Changing Reading Habits

Back in 2012, I did some math (this alone is an amazing fact worth noting) and figured out that I wasn’t reading many “real” (i.e. physical) books. In 2012, of the 64 books I had read in the calendar year, 28 were physical books, 22 were eBooks, and 14 were audiobooks. Rounding up those percentages, that’s 44% physical paper books, 34% eBooks, and 22% audiobooks.

I kept careful records in 2013 so I’d be able to compare, and see if how I read morphed at all. The results:

In 2013, I read significantly more, clocking in at 98 total books read. (Sidenote: This is probably the most books I’ve read in a single year since middle school, when I had carefree, jobless summers in which I crammed book after book after book.) Of these, 46 were audiobooks, 29 were eBooks, and 23 were physical books. That’s 47% audiobooks, 30% eBooks, and 23% physical books. That’s almost a complete flip-flop in formats! While eBooks maintained the middle ground as my second-most-preferred method of reading, and maintained a similar percentage in the 30% range, audiobooks and physical books completely switched places. I clearly read significantly more audiobooks then I read in any other format this year.

Why did this happen? I don’t think my reading method preferences have changed, necessarily, and that from now on I’m going to be consistently reading more audiobooks. If polled, I would definitely not agree with the statement that I like audiobooks best (though I am very fond of them). And I don’t think my changing percentages are a reflection of reading habits changing in the large reading community or an indication that there’s a  general movement towards preferring digital over physical books.

Rather, I think these numbers reflect a very personal situation. I think that I’ve been in more situations in 2013 that allowed for consumption of audiobooks rather than physical books. For example, in June, my office changed locations which increased my total time in the car for the commute to an additional 3 hours a week, at minimum, so that probably helped increase my audiobook consumption. Also, I think these numbers are a reflection that…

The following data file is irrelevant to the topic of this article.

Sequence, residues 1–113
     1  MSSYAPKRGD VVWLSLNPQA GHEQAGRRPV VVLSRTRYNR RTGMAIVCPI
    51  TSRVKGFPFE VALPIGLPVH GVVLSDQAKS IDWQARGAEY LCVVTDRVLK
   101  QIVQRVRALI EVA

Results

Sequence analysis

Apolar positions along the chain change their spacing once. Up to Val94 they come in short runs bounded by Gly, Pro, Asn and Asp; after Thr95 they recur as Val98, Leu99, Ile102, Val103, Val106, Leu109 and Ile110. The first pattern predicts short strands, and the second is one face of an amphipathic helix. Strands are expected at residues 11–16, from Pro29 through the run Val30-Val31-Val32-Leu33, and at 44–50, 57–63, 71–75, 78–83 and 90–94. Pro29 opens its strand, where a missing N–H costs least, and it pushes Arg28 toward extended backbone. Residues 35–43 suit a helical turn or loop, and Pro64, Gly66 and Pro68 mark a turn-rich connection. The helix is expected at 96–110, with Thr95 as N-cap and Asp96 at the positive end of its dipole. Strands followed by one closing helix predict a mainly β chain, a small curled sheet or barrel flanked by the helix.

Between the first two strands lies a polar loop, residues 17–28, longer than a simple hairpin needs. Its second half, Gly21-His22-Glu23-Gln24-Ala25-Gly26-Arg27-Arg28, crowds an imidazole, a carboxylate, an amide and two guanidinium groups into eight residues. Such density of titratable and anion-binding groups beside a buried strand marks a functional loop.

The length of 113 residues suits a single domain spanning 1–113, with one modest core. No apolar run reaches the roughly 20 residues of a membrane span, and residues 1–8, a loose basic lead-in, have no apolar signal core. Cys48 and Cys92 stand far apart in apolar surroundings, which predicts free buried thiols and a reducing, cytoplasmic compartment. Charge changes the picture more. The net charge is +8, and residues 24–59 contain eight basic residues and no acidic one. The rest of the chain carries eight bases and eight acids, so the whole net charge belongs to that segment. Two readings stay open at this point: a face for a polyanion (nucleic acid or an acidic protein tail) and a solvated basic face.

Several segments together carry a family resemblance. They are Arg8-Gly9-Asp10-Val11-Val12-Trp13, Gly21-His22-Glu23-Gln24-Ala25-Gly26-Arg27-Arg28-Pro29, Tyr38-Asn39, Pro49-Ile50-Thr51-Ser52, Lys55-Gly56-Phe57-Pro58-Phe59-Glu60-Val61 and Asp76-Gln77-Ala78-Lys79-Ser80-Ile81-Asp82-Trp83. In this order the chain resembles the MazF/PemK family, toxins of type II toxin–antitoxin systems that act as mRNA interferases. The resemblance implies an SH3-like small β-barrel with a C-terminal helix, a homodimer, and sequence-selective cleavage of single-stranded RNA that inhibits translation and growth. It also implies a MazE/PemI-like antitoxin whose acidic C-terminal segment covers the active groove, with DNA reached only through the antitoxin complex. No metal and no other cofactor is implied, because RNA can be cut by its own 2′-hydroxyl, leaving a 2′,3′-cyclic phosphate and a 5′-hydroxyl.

1) My life was busier in 2013. I often have an audiobook on when I do housework; reading a physical book, on the other hand (excuse the pun), requires complete dedication of my mind and hands. I can’t hold a book with one hand, have my eyes on the page, and fold laundry with my free hand!
Also, my eBook reading (22 in 2012) increased slightly (29 in 2013) while my physical book reading (28 in 2012) decreased slightly (23 in 2013). I think this trade off was due to the fact that I was often out–doctors waiting rooms, waiting in the car to pick up my little sister, etc.–where I had access to my phone, and thereby my Kindle reading app, since, being the forgetful person I am and the fact that I downsized to a slightly smaller purse that makes it slightly harder to pack a book at all times, I was often without other, more traditional forms of reading materials.
2) I think these numbers also reflect that I’m getting more creative in how I’m managing to squeeze more reading time into my life. If you round out the numbers, while I read roughly about an equal amount of eBooks (22 in 2012; 29 in 2013) and physical books (28 in 2012; 23 in 2013) in a year to year comparison, I nearly TRIPLED the amount of audiobooks I read. That’s about triple the amount of hours of my life I dedicate to listening to audiobooks in 2013!
While I’m proud I read more this year, no matter the format, at the same time, I certainly hope to find more time in 2014 to read more and multitask less! Most of the past year I was so busy doing a million things at once (and worrying about all the other things that still needed to get done next) that I felt like I was unraveling at the seams. Reading will always be a priority, but having a few reading sessions this next year, curled up under a blanket with nothing else to do or worry about? It sounds like a nice thing aim for.